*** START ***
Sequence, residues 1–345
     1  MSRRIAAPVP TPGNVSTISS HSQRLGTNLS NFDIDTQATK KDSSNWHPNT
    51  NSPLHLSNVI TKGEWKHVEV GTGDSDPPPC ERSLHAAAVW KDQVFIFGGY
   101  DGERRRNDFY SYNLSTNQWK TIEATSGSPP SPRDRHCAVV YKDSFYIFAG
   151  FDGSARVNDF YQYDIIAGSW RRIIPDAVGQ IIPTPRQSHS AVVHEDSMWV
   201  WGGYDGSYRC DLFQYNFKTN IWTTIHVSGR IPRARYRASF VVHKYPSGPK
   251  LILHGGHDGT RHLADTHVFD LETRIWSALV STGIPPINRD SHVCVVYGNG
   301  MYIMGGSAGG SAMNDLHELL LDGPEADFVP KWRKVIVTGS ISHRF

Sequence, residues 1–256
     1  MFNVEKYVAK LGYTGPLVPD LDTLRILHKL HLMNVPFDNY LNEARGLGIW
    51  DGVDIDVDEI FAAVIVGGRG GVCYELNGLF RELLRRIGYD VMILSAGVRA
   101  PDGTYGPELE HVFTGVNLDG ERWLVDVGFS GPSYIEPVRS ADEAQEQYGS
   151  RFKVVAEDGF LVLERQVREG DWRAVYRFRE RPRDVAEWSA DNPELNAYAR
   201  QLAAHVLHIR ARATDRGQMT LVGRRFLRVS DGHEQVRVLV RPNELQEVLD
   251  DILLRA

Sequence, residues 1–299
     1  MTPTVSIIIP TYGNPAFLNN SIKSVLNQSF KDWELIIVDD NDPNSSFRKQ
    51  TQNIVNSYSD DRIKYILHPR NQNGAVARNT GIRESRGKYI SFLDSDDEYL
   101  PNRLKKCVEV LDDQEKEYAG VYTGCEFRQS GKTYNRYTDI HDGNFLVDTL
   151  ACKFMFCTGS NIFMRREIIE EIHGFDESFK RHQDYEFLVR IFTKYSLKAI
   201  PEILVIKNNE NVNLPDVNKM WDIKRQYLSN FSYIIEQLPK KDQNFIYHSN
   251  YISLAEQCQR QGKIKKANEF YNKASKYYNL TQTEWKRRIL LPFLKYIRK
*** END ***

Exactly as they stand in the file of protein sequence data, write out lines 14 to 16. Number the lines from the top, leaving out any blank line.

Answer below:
   201  QLAAHVLHIR ARATDRGQMT LVGRRFLRVS DGHEQVRVLV RPNELQEVLD
   251  DILLRA

Sequence, residues 1–299